Website owners and operators are also frustrated because object character recognition has reached the point that even with heavy distortions, many automated systems have over an 88% accuracy in passing CAPTCHA security protocols with automated systems, and receiving access to secured portions of the website.

In addition, as the CAPTCHA systems use increasingly distorted text, various groups of the population with disabilities, as well as those with decreasing eyesight, increasingly have problems accessing the websites. Therefore, currently many CAPTCHA systems completely prevent certain people with disabilities, visual impairment, dyslexia or the like from accessing websites using CAPTCHA-based verification.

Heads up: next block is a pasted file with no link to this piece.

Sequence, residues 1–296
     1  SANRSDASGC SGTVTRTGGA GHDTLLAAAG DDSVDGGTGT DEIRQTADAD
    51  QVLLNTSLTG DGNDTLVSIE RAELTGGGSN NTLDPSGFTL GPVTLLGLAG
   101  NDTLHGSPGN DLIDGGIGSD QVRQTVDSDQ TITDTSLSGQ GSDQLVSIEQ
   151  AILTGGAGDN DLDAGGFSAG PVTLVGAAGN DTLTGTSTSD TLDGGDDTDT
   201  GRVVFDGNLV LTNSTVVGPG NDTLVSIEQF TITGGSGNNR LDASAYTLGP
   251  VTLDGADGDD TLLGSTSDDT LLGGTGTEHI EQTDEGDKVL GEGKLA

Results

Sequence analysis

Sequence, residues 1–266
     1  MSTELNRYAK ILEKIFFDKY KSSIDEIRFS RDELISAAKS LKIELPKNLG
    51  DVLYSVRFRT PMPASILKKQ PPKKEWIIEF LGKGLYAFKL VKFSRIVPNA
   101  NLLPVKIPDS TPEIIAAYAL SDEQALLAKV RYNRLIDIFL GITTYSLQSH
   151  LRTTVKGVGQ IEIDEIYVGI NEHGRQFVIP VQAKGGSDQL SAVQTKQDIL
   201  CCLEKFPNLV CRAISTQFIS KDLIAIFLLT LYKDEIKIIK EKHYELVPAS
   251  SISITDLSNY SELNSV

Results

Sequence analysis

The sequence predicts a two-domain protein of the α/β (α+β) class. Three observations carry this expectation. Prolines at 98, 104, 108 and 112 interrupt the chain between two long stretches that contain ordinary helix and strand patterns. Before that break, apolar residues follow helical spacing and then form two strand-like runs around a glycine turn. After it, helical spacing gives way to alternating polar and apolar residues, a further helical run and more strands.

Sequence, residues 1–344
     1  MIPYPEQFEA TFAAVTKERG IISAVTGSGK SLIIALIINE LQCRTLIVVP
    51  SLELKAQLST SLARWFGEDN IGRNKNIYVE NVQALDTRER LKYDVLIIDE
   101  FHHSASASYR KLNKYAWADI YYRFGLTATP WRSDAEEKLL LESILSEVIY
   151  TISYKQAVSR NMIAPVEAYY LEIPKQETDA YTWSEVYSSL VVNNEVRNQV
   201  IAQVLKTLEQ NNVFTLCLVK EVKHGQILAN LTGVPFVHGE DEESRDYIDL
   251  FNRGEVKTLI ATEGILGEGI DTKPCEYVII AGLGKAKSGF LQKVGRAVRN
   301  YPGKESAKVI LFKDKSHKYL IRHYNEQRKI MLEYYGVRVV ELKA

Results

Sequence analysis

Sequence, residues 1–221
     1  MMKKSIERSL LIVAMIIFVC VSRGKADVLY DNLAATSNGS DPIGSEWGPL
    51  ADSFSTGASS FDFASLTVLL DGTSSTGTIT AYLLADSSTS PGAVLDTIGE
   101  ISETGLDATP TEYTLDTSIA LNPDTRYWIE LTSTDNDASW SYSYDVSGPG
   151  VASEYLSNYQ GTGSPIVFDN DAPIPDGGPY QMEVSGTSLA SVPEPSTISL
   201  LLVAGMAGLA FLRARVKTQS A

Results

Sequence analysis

To address some of the problems with text-based CAPTCHA security systems, some website operators and owners have turned to image recognition. In the early state, the website owner would post a picture of an object, such as of a particular animal and the human to accessing the website would then select from a multiple choice list of which animal was displayed. Because these types of systems use multiple choices, the automated system would either recognize the picture of the animal or other object, or given the limited number of multiple choices, the automated systems could cycle quickly through each variation and quickly access the website. Once the correct answer was determined, the automated system would keep a record of which multiple choice answers was associated with a particular image for future access. Since these images were shared amongst various websites, very quickly the automated systems were able to successfully pass the test every visit. Another problem with the above described image recognition systems is that it is difficult for a small website to create a large volume of labeled images and therefore with a limited number of labeled images and without a means of automatically acquiring new labeled images, these image-based challenges were not usually meeting the definition or requirements of a CAPTCHA system. Typically, as these images required human labeling, it is doubtful that these systems even qualify as CAPTCHA systems.